Peru is home to an estimated 220,000 smallholder coffee farmers and is the largest producer of certified organic coffees in the world. Each farmer averages about two hectares of coffee, with an average yield of 14 quintales (46kg) per hectare. Exportable production for the 2018 crop, now underway, is projected at 4.2 million (60kg) bags.
It is estimated that 25% of coffee farmers belong to a cooperative or farmer organisation, while 75% farm independently.
Production is on the rise after the crop was severely impacted by an outbreak of Leaf Rust, (a fungal disease that causes defoliation of the trees, effectively stopping the tree’s ability to photosynthesise). Not only have the trees recovered, but new, apparently rust resistant varieties have also been introduced to the origin.
A couple of weeks ago we travelled through northern Peru, the newest of the three producing regions with the youngest tree population. New plantings mean healthier root stock and higher production, so the rise in export volumes is primarily being driven from this region. This is evident by the number of dry mills under construction on the outskirts of the town of Jaen, the main coffee town in the department of Cajamarca.
Over the period of a week, we visited the producing regions of Cajamarca, San Martin and Amazonas, spending time with co-operatives, independent farming communities and local exporters. We observed the following:
The crop is approximately 4 weeks late in most areas, due to heavy rains in the early part of the harvest. The low market is posing a significant threat to quality. At an average farm size of two hectares, most farmers have to hire seasonal labour to help harvest the crop. The crop is harvested by pickers moving through the coffee lands between four and six times over the course of the cherry ripening period. With a minimum wage of about US$10 per day plus food and lodging, labour costs exceed 40% of total production cost. Low coffee prices are translating to farmers reducing their labour costs by picking their crop in two cycles, whether ripe or not. The result in some regions is a poor picking standard of green, ripe and black cherry pods being wet processed together on farms. With many farmers receiving a standard price on the day for wet or dry parchment, there is little or no incentive to maintain picking discipline, or to shoulder the burden of higher production costs that come with it.
Local exporters told us that farmers are precariously close to the threshold price where it makes no commercial sense to harvest the coffee at all. Once below this threshold, farmers abandon the harvest altogether. Unusually, it is the lower growing regions that benefited from better prices as they harvested earlier, at a time when prices were firmer, if only marginally so.
We witnessed a wide range of post-harvest processing practices, some less admirable than others. Peru reminds me of Uganda and Honduras in some ways: all three origins have occupied the place of “value coffees” for many roasters. The discount value has come about from reputations of off-cups, poor drying and high defects. The supply chain culture, on the whole, is one of mass volume and single price to a farming population who have experienced limited incentives. They have never been offered training in the disciplines and related costs it takes to produce high quality Strictly Hard Bean coffees. The potential is enormous. Typica and Caturra varieties grow all the way up to 2000 metres above sea level, in volume, across multiple regions. We see no reason why the best of Peru should not stand shoulder to shoulder with that of Colombia and Guatemala in the years ahead.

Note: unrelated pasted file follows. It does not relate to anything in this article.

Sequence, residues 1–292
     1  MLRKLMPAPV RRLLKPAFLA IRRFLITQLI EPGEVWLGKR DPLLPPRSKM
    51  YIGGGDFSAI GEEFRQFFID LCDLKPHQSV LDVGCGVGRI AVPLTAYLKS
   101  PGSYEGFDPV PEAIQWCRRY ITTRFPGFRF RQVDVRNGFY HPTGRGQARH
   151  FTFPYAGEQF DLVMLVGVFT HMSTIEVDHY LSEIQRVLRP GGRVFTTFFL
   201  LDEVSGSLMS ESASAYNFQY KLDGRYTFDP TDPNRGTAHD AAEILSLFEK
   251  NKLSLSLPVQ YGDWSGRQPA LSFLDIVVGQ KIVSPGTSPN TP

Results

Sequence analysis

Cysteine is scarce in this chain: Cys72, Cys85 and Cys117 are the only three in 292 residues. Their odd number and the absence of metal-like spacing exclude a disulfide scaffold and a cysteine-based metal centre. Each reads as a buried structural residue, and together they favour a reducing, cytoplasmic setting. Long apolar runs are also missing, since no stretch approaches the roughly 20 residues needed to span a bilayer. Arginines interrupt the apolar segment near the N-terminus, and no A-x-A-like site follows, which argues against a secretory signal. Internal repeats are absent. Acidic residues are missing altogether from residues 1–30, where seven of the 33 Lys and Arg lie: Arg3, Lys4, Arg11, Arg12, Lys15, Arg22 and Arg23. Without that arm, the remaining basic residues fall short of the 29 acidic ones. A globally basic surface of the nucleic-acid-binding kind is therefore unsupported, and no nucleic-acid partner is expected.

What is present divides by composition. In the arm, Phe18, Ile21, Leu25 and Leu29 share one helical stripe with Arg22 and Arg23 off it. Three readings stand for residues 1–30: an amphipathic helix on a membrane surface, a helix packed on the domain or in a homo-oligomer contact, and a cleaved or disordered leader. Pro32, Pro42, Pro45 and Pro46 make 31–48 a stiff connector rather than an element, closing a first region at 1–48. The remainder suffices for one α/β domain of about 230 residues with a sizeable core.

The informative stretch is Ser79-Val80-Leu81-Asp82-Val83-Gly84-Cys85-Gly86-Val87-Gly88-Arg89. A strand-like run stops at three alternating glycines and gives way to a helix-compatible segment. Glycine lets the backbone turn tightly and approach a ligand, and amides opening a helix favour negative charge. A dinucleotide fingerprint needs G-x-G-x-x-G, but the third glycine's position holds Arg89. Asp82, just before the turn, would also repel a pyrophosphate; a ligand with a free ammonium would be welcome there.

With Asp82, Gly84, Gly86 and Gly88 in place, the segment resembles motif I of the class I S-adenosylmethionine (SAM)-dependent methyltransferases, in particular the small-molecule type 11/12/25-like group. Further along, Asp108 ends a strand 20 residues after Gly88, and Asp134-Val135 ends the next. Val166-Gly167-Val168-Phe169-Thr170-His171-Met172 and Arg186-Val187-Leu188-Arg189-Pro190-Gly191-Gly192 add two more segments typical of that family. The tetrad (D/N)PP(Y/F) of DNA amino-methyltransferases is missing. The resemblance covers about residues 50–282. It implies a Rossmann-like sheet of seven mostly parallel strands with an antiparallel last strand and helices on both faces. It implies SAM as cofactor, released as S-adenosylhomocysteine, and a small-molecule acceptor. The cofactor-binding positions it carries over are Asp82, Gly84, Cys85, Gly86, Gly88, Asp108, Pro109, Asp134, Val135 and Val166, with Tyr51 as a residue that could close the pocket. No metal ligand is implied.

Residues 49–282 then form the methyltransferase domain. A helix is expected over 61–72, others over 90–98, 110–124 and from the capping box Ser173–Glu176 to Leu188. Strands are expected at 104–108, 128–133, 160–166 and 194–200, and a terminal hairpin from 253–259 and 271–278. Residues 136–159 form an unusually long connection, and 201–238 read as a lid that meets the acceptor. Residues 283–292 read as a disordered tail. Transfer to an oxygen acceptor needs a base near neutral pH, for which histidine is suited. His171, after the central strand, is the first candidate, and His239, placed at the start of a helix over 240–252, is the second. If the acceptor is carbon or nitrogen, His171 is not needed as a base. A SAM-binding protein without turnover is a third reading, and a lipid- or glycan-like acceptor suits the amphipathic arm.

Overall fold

To this end, Falcon’s coffee processing specialist, Simon Brown, departs at the end of July to spend six weeks working with communities on their picking standards and all post-harvest processing. In 2017, Simon won an award doing the same work with a coffee producing community in Copan, Honduras, where cup scores amongst those farmers who took part in the project rose by an average of 3.45 points on the SCA scale. Alongside Simon, we have hired a full-time field coordinator, Reynaldo Alberca, who will give training sessions, compile traceability information and organise the logistics of buying parchment. We will manage the quality control from both Jaen and Lima and buy based on cup score, to begin with. However, once producers with potential are identified, we intend to broaden quality requirements to buy more of the farmers’ total production, rather than just skimming the cream off the top.
By working directly with producers we’re able to pay more for their coffee and manage quality closely manage quality to minimise the risk for everyone in the supply chain. This model represents something very different to those employed by other buyers operating in Peru, especially with our flexibility to take coffees covering a fairly wide spectrum of qualities. It’s a much more holistic approach.
As mentioned, QC will be managed from both Jaen and Lima, where we have established a new cupping lab run by another Falcon recruit, David Cahuapaza. Like Reynaldo, David previously worked for a large cooperative in Peru, and has many years of cupping experience to draw from. Whilst in the country we were able to spend several days in the lab, cupping samples we had picked up on our travels and calibrating with David. All of our Peru samples now flow through the Lima lab prior to sampling back in the UK, so the time spent in in the capital was invaluable for ensuring our continued dialogue and analysis of this season’s crop.
We look forward to sharing more news of our upcoming quality project, and our 2018 crop coffees once they begin to land in the coming months.